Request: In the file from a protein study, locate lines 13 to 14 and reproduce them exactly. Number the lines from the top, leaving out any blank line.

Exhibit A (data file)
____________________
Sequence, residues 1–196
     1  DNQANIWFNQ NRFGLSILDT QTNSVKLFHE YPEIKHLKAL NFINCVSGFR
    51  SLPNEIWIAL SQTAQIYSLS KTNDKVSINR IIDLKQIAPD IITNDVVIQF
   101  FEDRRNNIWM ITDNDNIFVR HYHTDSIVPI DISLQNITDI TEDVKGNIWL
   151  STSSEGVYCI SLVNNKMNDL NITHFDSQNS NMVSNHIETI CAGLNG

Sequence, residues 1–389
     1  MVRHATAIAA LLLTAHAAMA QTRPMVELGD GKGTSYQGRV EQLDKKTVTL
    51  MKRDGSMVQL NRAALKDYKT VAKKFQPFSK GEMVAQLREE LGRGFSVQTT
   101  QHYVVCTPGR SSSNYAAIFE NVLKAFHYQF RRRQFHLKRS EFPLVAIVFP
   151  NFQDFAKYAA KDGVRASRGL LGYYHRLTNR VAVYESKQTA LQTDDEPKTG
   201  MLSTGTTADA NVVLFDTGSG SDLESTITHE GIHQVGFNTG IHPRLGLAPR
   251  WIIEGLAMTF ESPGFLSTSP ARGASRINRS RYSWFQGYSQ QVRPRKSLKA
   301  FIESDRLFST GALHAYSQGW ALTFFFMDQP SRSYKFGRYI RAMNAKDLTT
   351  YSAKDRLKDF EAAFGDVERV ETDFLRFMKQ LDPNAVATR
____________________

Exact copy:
   301  FIESDRLFST GALHAYSQGW ALTFFFMDQP SRSYKFGRYI RAMNAKDLTT
   351  YSAKDRLKDF EAAFGDVERV ETDFLRFMKQ LDPNAVATR